I wish I could call this a tribute, but I don’t think I have the words to do this great man justice. Instead, I’ll share my thoughts today (random as they may be) and hope they add up to something worth reading.
See I’m South African, born at the tail-end of the Apartheid regime. In fact, the reason why my birthday is on December 28 is that my mom had me born by c-section so my dad could see me before being posted to border patrol.
Those were war years. I wasn’t even two when he was released. Oddly though, I remember seeing on the t.v. as this man left prison. I noted how everyone on t.v. was happy to see him free, but no one in my family was. So I asked what was going on and the answer I got was something like: “My child, it’s the end of our nation.”
Of course, it meant nothing to me then, because I was too small to understand what a country was. But I remembered thinking he had a nice smile, so I noticed when he was on t.v.
Every time he came on, my family (as I now imagine many Afrikaans families did) greeted his words with distrust. See, that war had set white people in general and the Afrikaners in particular on opposite ends of conflict. Madiba and his contemporaries were fighting for freedom. We… I honestly am very careful to say what we fought for. It’s not really discussed.
The sense I have (and I could be wrong) is that the government was fighting for continued suppression, since complete freedom for all races would (and did) mean loss of power. But the white people on the ground level were fighting for survival.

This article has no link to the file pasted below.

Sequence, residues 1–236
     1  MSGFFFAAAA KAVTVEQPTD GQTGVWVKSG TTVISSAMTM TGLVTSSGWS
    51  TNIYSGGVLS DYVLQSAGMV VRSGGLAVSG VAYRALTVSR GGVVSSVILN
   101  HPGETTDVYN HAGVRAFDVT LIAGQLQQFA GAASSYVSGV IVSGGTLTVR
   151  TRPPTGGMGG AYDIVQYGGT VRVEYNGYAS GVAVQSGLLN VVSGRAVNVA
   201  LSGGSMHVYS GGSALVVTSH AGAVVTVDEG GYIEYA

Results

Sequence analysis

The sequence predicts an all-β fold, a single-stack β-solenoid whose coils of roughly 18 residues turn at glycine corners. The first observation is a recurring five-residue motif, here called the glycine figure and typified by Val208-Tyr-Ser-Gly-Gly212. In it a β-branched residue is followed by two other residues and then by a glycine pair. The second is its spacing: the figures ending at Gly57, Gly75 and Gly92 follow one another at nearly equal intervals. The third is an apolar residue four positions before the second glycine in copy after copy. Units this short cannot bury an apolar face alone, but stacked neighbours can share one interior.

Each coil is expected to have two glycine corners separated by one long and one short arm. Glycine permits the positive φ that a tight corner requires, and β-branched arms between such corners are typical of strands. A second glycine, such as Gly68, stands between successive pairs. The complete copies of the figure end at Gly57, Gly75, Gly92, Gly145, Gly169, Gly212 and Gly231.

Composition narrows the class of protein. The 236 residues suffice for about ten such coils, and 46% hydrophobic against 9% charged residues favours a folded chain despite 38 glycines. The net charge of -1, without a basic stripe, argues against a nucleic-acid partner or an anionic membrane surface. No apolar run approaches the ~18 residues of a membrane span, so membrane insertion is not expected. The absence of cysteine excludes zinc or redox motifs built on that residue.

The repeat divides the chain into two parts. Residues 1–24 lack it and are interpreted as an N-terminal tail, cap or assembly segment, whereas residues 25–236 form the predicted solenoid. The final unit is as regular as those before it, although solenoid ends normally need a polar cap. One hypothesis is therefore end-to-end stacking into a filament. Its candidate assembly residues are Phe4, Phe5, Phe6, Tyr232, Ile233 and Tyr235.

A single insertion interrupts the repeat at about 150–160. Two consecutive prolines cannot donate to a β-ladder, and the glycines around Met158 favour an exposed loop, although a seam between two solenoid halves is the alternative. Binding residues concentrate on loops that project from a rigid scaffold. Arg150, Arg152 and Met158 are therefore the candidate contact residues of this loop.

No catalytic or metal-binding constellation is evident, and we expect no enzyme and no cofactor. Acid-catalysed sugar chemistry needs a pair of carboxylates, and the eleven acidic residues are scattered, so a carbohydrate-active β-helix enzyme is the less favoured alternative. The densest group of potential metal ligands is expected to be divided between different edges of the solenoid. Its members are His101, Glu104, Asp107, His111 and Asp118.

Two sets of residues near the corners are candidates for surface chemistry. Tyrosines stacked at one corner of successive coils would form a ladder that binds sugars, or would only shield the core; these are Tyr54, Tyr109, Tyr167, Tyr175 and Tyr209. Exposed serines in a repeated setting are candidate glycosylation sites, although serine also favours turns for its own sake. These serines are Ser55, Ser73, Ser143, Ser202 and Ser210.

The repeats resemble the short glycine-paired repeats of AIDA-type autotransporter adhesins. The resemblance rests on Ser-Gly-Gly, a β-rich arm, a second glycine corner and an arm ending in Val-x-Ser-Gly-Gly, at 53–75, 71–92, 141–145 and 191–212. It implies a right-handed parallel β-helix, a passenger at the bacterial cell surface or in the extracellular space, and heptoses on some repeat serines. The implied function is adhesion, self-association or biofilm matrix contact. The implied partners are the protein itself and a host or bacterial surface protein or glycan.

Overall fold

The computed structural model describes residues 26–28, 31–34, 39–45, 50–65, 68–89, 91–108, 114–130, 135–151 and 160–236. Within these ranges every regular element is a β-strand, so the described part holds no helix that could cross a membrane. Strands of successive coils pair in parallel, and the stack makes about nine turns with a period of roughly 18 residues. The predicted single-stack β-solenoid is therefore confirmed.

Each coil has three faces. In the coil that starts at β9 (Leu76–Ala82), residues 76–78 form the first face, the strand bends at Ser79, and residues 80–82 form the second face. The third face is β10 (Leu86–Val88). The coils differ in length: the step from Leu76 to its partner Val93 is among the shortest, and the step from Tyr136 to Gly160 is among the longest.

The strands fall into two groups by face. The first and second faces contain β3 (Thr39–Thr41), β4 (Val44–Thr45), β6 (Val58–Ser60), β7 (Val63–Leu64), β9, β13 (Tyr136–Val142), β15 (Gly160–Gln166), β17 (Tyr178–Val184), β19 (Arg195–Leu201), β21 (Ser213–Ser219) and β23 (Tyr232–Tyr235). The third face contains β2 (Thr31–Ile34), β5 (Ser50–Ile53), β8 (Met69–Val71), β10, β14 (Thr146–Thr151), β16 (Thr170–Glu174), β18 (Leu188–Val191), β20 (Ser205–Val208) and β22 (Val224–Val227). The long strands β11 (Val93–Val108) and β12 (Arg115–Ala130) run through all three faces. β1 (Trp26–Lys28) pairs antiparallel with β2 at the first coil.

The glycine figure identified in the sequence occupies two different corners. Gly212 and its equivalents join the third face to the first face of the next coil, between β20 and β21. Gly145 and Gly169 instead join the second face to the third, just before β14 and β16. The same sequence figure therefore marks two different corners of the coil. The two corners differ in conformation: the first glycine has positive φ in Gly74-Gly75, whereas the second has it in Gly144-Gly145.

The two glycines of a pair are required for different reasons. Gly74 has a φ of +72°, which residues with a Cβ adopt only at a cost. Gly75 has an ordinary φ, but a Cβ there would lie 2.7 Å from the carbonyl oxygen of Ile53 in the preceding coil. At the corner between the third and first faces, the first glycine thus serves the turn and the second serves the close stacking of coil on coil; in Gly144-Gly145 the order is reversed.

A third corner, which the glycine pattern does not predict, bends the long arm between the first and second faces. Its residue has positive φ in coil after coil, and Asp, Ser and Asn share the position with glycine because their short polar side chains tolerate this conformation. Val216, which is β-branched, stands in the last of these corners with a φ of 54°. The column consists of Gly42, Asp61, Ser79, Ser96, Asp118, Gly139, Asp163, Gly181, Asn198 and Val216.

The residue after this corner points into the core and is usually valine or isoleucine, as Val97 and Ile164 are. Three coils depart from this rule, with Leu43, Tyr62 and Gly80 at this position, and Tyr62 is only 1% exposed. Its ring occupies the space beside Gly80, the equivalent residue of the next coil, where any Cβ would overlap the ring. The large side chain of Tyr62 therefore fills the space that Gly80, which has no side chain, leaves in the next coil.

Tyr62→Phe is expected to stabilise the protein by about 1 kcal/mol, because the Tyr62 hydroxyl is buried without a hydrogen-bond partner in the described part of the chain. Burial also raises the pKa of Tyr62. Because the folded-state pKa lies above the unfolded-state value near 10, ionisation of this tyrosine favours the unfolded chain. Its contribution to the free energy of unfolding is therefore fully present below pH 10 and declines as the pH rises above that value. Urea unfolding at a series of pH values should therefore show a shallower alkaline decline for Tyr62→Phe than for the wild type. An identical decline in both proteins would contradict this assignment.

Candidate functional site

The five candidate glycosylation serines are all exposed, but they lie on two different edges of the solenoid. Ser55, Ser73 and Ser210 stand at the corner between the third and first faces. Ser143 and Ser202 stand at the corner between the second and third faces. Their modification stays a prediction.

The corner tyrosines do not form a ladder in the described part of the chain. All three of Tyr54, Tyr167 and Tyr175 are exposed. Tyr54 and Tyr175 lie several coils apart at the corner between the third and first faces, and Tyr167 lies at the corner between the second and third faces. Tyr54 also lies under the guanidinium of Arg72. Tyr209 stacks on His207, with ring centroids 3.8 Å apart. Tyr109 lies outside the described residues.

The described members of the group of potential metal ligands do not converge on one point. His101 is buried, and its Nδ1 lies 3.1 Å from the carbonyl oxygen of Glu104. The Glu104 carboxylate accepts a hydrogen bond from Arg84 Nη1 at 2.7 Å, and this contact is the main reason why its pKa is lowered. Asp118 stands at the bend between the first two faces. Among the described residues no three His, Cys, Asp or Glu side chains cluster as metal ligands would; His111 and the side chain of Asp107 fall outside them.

Why this is is another history lesson in itself. But in short, our ancestors had fought for a place in Africa. If we’d failed, we would have been annihilated. In fact, some of us did fail through history, and most of those did die. It was a fact so long-standing that no white person could imagine that the war could end peacefully for us unless we won.
The day Nelson Mandela was released, we’d lost for all intents and purposes.
People expected “The Night of the Long Knives”, like another Kristallnacht. We’d suppressed and the government had institutionalized so many wrongs that almost all white South Africans expected bloody reprisals, and for South Africa to be turned into something similar to the rest of Africa.
What we didn’t hold reckoning with was that Nelson Mandela was a much better man than any of us had thought. Instead of revenge, he preached reunification. Instead of reprisals, he preached unity. And that coming from someone who’d been sent to jail for fighting for something that was, in retrospect, the right thing.
He won our trust, starting with that day he walked out onto the rugby field before the World Cup Finals in 1995, wearing a beloved Springbok jersey.
And in many ways, he’d steered this country free of disaster so that we could recover and move on. “Us” became something inclusive, something the whole country could belong to.
For that, I am immensely thankful.
Madiba, your strength, forgiving nature and love for humanity inspired more than just a nation. It changed the world. Rest now, Tata Madiba. Your life was and will be a standard the rest of us should and will try to emulate. You deserve it more than anyone else I know of.